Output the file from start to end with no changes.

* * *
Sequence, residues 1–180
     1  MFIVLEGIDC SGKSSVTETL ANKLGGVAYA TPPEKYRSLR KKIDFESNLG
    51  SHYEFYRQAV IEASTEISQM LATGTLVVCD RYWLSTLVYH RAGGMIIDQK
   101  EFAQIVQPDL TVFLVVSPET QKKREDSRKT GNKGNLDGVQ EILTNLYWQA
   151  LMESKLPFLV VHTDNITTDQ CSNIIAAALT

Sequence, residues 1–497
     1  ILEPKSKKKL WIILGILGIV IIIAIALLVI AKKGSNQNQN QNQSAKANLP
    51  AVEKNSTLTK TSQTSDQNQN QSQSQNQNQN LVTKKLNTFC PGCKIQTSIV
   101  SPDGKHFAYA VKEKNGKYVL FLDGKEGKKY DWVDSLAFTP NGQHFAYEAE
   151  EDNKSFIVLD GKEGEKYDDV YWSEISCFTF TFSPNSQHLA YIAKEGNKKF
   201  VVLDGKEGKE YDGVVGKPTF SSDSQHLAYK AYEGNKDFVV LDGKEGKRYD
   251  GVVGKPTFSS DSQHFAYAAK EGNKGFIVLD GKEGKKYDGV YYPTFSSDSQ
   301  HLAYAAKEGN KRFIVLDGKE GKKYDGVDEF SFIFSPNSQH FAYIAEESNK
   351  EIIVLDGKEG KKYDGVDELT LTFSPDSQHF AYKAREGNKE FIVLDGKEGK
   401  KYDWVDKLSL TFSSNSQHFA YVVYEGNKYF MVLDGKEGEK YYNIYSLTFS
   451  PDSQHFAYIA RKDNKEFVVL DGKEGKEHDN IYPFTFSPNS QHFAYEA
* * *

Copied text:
Sequence, residues 1–180
     1  MFIVLEGIDC SGKSSVTETL ANKLGGVAYA TPPEKYRSLR KKIDFESNLG
    51  SHYEFYRQAV IEASTEISQM LATGTLVVCD RYWLSTLVYH RAGGMIIDQK
   101  EFAQIVQPDL TVFLVVSPET QKKREDSRKT GNKGNLDGVQ EILTNLYWQA
   151  LMESKLPFLV VHTDNITTDQ CSNIIAAALT

Sequence, residues 1–497
     1  ILEPKSKKKL WIILGILGIV IIIAIALLVI AKKGSNQNQN QNQSAKANLP
    51  AVEKNSTLTK TSQTSDQNQN QSQSQNQNQN LVTKKLNTFC PGCKIQTSIV
   101  SPDGKHFAYA VKEKNGKYVL FLDGKEGKKY DWVDSLAFTP NGQHFAYEAE
   151  EDNKSFIVLD GKEGEKYDDV YWSEISCFTF TFSPNSQHLA YIAKEGNKKF
   201  VVLDGKEGKE YDGVVGKPTF SSDSQHLAYK AYEGNKDFVV LDGKEGKRYD
   251  GVVGKPTFSS DSQHFAYAAK EGNKGFIVLD GKEGKKYDGV YYPTFSSDSQ
   301  HLAYAAKEGN KRFIVLDGKE GKKYDGVDEF SFIFSPNSQH FAYIAEESNK
   351  EIIVLDGKEG KKYDGVDELT LTFSPDSQHF AYKAREGNKE FIVLDGKEGK
   401  KYDWVDKLSL TFSSNSQHFA YVVYEGNKYF MVLDGKEGEK YYNIYSLTFS
   451  PDSQHFAYIA RKDNKEFVVL DGKEGKEHDN IYPFTFSPNS QHFAYEA